5 Discussion/Questions 1. What did you learn about natural resources today? 2. Why are natural resources important? (They provide us with the things we want and need to live.) 3. How do people use natural resources? (For making things we want; for producing energy; for providing the water, food and shelter that we need to live.) 4. Can there be shortages of natural resources? (Yes, if we use a lot there can be shortages, especially for nonrenewable natural resources that can t grow back or reproduce.) 5. How do people get the natural resources they use to make the products they want such as paper, metals, plastics and glass? (They extract or take resources from the earth. For example, trees are cut down to make paper; holes are drilled in the ocean floor to pump out oil to make plastics; and in some rainforests the trees are cut down and the ground dug up in search of minerals to make metals.) 6. How does taking resources from the earth affect animals? For example, what do you think happens to animals when forests are cut down? (They lose their homes and some sources of food; it becomes hard for them to survive.) 7. How can we conserve, or save, natural resources and protect animal habitat? (Reduce: only buy what you need, take care of what you have, and when possible, buy things made from renewable resources such as plastic made from corn plants. Reuse: whenever possible, use things more than once and donate unwanted items to charities. Recycle paper, bottles and cans.) 8. Show students the sample Earth Pocket that was prepared for paper and review with them what natural resource is used to make paper. Ask students to figure out ways to use less paper and conserve more trees. (Reuse it for things like wrapping paper, write on both sides and then recycle it.) Ask students what illustrations you should attach to the Earth Pocket to show the solutions for using less paper and saving trees. (use less paper, write on both sides, recycling bin) Pull out the use less paper, write on both sides and recycling bin cards and attach them to the paper card at the top of the Earth Pocket chain. Discuss with students what they can do with other items such as books, toys, aluminum cans and glass bottles when they no longer want them. (See Solutions Table at end of lesson.) Ask students what type of cards they could make to attach to their Earth Pocket chains to illustrate their solutions. (a reuse box, thrift store, friend, art supplies, recycling bin) Using the solutions discussed, have students make their last card(s) and attach it to their Earth Pocket to complete the chain. Extensions Have students make a mobile, showing how wildlife depends on different things in nature. (Example: white-tailed deer- plants-river-treesforest) Ask students to create a collage or poster that shows all the ways humans use plants for the things they want and need to live. (oxygen, clean air, shade, food, medicine, erosion prevention, wood and paper products) Included with permission from SF Environment s School Education Program.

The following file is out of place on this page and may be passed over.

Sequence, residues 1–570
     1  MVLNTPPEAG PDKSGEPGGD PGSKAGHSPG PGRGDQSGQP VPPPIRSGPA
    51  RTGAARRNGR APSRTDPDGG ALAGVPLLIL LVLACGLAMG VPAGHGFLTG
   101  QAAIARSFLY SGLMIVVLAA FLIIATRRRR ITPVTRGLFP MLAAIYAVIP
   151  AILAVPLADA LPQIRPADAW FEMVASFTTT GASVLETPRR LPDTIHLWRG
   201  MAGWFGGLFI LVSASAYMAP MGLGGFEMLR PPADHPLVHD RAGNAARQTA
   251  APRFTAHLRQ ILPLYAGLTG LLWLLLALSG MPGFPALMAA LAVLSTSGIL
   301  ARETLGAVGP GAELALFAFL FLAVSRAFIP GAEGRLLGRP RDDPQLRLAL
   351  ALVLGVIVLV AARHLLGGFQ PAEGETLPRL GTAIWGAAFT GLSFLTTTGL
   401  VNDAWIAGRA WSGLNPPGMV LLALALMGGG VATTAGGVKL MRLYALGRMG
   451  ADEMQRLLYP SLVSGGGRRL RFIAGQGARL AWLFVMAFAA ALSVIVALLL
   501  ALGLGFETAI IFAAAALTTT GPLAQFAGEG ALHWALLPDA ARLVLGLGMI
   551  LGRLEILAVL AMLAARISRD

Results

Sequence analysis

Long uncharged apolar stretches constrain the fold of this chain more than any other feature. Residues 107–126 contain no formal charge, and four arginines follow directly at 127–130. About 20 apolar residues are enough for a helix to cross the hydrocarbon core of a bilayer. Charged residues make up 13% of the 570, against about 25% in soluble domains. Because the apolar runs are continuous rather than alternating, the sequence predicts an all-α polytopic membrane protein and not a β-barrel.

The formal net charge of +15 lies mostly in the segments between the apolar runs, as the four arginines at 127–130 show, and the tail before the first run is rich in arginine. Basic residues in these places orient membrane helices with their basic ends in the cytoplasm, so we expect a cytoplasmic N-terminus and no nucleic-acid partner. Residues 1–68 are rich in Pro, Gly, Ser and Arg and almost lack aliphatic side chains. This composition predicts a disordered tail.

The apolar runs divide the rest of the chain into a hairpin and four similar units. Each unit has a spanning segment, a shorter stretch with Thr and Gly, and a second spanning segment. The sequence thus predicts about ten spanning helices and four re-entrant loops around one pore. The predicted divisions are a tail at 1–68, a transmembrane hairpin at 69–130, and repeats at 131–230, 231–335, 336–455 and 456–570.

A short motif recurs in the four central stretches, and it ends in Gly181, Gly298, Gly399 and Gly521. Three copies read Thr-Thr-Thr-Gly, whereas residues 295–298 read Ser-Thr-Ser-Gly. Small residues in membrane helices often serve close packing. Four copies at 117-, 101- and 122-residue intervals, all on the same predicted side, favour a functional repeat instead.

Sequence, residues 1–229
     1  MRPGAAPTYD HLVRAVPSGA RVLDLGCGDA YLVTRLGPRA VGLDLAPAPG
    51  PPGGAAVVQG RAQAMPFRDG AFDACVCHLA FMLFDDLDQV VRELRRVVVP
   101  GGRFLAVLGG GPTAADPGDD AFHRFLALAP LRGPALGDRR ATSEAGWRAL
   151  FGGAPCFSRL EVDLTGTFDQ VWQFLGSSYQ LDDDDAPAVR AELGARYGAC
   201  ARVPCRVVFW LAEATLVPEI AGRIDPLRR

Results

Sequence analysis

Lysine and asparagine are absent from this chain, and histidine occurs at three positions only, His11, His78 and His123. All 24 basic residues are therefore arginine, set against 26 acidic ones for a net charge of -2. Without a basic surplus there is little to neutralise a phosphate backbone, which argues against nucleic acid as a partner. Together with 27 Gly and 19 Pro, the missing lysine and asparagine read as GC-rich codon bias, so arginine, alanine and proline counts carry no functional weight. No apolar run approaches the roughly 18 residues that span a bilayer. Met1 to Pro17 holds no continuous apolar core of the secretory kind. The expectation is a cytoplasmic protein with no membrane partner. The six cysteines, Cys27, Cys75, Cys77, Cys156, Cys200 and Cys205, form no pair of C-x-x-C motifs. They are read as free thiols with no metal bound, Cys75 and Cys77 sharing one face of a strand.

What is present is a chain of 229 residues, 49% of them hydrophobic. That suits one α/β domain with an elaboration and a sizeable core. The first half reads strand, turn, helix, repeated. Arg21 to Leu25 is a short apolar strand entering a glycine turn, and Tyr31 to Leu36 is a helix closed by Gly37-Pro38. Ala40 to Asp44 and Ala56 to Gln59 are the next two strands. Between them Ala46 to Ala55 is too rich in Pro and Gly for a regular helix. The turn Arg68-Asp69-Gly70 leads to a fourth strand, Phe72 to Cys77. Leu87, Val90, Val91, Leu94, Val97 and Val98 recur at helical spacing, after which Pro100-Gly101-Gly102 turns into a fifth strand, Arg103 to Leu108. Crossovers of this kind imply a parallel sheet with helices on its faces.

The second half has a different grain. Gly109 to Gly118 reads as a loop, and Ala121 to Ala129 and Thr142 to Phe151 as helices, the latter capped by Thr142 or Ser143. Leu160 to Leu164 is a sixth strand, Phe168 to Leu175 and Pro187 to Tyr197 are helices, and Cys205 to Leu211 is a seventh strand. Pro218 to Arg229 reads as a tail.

6 Solutions Table Item Reduce Reuse Recycle Paper Use less Write on both sides Recycle at home and at school Books Borrow from library Donate to charity Give to a friend Recycle books by dropping them off at special recycling centers Toys Buy less Share with others Donate to charity Give to a friend Toys cannot be recycled, so make sure to reduce and reuse them as much as possible Aluminum Cans Use a thermos or mug instead Use to water plants Recycle at home and at school Fill with dirt and use as a paper weight Glass bottles Use a thermos or mug instead Use as a vase for flowers Recycle at home and at school Use as a pencil holder

7 Earth Pocket Outline

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12 Earth Pockets CO Standards K-5 Science 4.K-2.3 Grades K-2 The Earth s materials (rocks, soil, water) provide many of the resources that humans use and reuse. Science Grades 3-5 Many of Earth s resources can be conserved, recycled and depleted.